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“Plastic Soup” Debris in Pacific Ocean

Shannon Arvizu | Tuesday March 4th, 2008 | 29 Comments

annasampleJPG.jpg Here’s another reason for retailers to charge for plastic bags. The swirling debris of plastic trash in the Pacific Ocean has now grown to a size that is twice as large as the continental U.S.


How do we know this? The Alguita Marine Research team just landed from a month-long tour of the area, known as the North Pacific Gyre. They set out to investigate just how much plastic debris is floating in the ocean, how this plastic affects marine life, and how this might affect humans that eat fish found in the area. Specific answers to these questions will be forthcoming as they evaluate the evidence they brought back. But past studies have shown that less than 5% of plastic ever gets recycled and each American disposes of roughly 65 lbs. of plastic each year. In the ocean, “Degraded plastic pieces outweigh surface zooplankton in the central North Pacific by a factor of 6-1. That means six pounds of plastic for every single pound of zooplankton.”
The Algalita Marine Research Foundation, the environmental non-profit organization who chartered the oceanic voyage into the floating trash, will be on hand at this week’s L.A. Green Drinks. Their work is incredibly valuable for demonstrating an even greater need for retailers and producers to limit the amount of plastic used in packaging goods.


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  • Mike

    Make everyone pay 25p for plastic bags or 50cents USA.This will discourage disposal.Further use the bags for fuel for community central heating plastic briquettes?Just a thought.Certainly people will take notice, particulary with the credit crunch, which incidentally I think is probably an environmental blessing in disguise.

  • slanted tom

    Perhaps, far in the future, sail driven trolling ships will troll for this plastic which might be a source of fuel in some port cities.

  • Simone deMontfort

    I like China’s ban on plastic bags. What a great start!
    Thinking about writing on this topic for my LLM paper (master’s in environmental law). Maybe figure out if countries are obligated to clean that plastic up under some treaty…

  • Simone deMontfort

    I like China’s ban on plastic bags. What a great start!
    I’m thinking about writing on this topic for my LLM paper (master’s in environmental law). Maybe figure out if countries are obligated to clean that plastic up under some treaty… or maybe figure out who’d be on the hook when ship’s engines are ruined by it. Only if someone can be held accountable will they do anything to clean it up.
    But had also considered the possibility of a charity cleaning it up, then disposing of it at a gassification plant. That way, instead of choking the life out of the planet, the garbage could be turned into usable energy.

  • FreeDem

    It is only a matter of time before huge container ships start “Running the Gyre” to offset the soaring cost of fuel, and in the process cause great air pollution.

  • rxgary

    well obviously this is a major problem, but with every problem, there are opportunity’s for solutions. land for agriculture seems to be growing scarcer, why not try and turn this mess into a world agriculture island , develop some type of netting that would allow enough good dirt to be added and also protect the sea life from the plastic, sure this would be a massive project, but it would also offer a solution to 2 problems , world hunger and offer protection to the sea life from the damage this plastic mess has became.
    obviously the costs would be high , but will the costs not be even higher if we keep ignoring the environment around us,
    im not talking about global warming, but the pollution we are emmitting everywhere is going to kill us all if we dont start to establish some curbs.

  • Philo

    Nuclear power should be used to vaporize garbage.

  • moppeis

    the only “solution” to this is to stop making it bigger. Its a very loose mass, its not like an island. It would cost way more energy to turn this into fuel than you could ever get out of it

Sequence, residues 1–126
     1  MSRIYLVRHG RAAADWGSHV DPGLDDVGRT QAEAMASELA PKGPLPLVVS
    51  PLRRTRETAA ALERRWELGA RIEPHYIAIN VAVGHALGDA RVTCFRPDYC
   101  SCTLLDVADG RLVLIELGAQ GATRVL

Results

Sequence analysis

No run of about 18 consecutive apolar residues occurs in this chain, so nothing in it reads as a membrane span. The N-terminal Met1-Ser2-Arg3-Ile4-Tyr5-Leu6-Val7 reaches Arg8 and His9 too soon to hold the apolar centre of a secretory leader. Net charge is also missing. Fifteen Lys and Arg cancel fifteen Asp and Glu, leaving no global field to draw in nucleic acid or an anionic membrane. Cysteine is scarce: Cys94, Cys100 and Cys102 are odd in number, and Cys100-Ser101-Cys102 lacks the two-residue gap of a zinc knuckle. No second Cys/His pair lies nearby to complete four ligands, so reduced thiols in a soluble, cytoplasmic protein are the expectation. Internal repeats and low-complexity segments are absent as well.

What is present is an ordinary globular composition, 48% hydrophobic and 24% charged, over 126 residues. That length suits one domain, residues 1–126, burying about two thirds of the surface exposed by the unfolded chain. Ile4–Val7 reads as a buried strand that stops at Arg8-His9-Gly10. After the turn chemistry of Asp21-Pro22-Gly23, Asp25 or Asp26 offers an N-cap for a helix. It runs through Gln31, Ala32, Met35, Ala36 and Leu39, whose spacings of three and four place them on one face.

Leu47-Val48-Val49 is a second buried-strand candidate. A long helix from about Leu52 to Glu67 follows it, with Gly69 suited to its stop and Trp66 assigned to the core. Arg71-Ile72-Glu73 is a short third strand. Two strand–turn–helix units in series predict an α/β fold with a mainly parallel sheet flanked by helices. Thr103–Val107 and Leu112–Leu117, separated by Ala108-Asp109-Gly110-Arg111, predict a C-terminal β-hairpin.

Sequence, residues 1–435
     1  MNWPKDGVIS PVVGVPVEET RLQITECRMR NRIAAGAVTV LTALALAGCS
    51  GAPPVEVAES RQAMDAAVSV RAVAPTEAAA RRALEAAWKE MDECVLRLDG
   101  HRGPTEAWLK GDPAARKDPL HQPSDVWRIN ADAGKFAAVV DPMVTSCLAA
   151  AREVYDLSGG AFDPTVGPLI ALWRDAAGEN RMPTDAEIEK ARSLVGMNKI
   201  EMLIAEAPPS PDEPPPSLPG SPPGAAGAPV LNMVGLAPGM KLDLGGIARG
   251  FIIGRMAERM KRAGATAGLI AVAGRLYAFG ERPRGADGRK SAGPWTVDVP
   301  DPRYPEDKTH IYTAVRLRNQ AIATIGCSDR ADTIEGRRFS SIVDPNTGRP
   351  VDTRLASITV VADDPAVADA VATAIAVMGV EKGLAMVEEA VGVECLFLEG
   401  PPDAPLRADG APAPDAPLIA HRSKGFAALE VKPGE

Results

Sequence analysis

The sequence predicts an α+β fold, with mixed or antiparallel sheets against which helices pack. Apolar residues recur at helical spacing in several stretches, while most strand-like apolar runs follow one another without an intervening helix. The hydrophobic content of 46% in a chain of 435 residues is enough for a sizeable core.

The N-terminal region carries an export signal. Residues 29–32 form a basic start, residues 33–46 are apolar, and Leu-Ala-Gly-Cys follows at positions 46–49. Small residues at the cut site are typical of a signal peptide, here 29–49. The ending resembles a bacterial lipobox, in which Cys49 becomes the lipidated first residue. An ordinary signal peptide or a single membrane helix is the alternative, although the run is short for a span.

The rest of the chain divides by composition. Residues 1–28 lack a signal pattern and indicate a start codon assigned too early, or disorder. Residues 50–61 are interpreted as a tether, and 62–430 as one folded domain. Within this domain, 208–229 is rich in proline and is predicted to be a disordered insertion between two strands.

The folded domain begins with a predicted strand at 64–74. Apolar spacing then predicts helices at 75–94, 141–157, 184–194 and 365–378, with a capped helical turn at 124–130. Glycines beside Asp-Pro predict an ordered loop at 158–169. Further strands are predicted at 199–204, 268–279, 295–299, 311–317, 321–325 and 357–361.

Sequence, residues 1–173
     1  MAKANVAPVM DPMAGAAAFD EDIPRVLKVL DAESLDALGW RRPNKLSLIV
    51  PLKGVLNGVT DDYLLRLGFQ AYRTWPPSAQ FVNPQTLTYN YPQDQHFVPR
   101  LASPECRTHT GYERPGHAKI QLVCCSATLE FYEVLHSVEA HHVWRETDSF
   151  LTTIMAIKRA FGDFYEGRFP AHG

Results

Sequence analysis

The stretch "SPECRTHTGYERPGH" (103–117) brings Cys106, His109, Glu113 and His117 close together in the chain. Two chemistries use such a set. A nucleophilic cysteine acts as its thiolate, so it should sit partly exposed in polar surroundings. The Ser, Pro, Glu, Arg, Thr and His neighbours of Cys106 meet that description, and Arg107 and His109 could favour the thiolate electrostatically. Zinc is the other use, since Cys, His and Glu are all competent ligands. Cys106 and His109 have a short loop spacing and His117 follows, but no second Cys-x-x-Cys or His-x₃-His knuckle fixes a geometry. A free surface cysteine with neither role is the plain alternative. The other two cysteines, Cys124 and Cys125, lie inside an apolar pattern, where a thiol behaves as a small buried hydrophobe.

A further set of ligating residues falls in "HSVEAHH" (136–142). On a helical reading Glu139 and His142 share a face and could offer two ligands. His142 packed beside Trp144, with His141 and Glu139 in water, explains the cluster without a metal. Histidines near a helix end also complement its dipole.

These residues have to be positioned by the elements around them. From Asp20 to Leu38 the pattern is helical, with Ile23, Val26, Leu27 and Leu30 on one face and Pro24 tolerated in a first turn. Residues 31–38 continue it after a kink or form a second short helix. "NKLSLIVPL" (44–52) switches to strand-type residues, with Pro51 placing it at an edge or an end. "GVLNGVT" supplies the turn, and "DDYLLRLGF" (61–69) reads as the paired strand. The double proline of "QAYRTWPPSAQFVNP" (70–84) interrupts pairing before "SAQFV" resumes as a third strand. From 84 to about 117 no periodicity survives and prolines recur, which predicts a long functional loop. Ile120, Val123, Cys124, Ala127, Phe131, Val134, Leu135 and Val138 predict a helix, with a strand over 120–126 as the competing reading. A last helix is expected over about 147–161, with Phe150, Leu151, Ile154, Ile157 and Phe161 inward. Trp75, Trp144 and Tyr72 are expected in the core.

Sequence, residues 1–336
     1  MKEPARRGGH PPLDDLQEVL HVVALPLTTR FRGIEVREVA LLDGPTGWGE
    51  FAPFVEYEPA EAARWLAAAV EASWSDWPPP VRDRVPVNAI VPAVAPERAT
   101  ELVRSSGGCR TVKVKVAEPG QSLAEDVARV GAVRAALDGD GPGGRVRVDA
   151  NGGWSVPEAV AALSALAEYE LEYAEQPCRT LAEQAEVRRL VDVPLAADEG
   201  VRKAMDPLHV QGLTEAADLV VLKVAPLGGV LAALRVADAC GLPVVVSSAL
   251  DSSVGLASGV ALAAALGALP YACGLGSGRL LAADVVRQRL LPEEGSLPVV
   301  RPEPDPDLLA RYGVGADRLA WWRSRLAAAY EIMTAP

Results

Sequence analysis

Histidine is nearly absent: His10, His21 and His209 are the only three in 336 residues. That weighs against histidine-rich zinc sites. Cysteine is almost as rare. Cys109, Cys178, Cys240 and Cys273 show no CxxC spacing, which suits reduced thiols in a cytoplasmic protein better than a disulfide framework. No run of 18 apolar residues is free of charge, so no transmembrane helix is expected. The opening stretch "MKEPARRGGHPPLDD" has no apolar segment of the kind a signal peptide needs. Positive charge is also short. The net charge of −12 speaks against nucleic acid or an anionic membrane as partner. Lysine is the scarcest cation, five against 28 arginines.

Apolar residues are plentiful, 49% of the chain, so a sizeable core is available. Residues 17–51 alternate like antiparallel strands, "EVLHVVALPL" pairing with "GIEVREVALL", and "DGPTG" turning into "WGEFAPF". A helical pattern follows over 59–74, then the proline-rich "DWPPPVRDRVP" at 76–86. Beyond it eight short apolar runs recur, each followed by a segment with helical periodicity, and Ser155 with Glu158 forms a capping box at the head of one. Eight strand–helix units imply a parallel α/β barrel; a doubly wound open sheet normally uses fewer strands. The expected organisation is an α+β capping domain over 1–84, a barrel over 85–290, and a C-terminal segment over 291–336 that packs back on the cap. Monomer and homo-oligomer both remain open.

• josh

    I was reading popular science That december 2007 It was taking about a machine called the hawk that turns things that have hydro carbons in and turns it back to oil and natrual gas They are constucting the machine in rockford illinois every hour it will take ten tons of waste and turn it into 17million btus of natrual gas (956,000 of those they will use to to keep the machine running) It will be the answer to the problem stated above. The problem of losing farm land will be solve by the volwagon its takes 15 days to grow a plant that normally takes 45 days and uses one tenth the water that is use on a field to grow food it does it by gravity and it takes 45mins to do one rotation.

  • Shannon Arvizu

    Thanks for all of your comments! I heard the research team speak last night and here is what they had to say regarding some of the comments made above:
    1. There is no “techno-fix” to this problem. The area is too dispersed and the plastic is broken-down into such fine particles in some areas that it would be equivalent to a “sifting the Sahara desert.” The only solution is to stop putting plastic in the ocean.
    2. The plastic is in the ocean only represents about 20% of all plastic that is disposed of yearly. The rest remain in landfills or scattered about the land.
    3. Marine life is severely impacted by the plastic debris. And, unfortunately, as fisheaters we are most likely ingesting plastic molecules as well.
    4. San Francisco and Santa Monica (pending) are two cities in California that ban plastic bag use.

  • Jesse

    Where is the garbage coming from? The researchers must be able to give us some idea based on intact bags etc that they found. What percentage comes from China, Japan, United States, Canada, other countries?

  • Jeff

    The origin of these pieces should be identified – when possible – and shown to the public. Huge billboard in Times Square with “This plastic bag was found in the middle of the Atlantic. It came from a bodega in Manhattan.”
    Otherwise it will always be someone else’s problem.

  • Chuck

    I like how the website is financed by ads for plastic bags and how it also promotes the cfc bulbs which have mercury in them. What a joke

  • Lindsay

    Why can’t most people just buy 2 or so large cloth bags for shopping???? Or the majority of stores can start using paper bags with handles. There shouldn’t be that much of a problem with anyone. The only reason anyone uses plastic bags is for convenience anyway.Because paper doesn’t have handles and is easier to tear. I have decided to buy cloth bags. I’m not rich but it seems a lot easier

  • john

    I wonder if the physical properties of plastic can lead to a solution?
    I know that filtering the ocean is not a viable option, as we would pull up all the sea life mixed in with the plastic peices.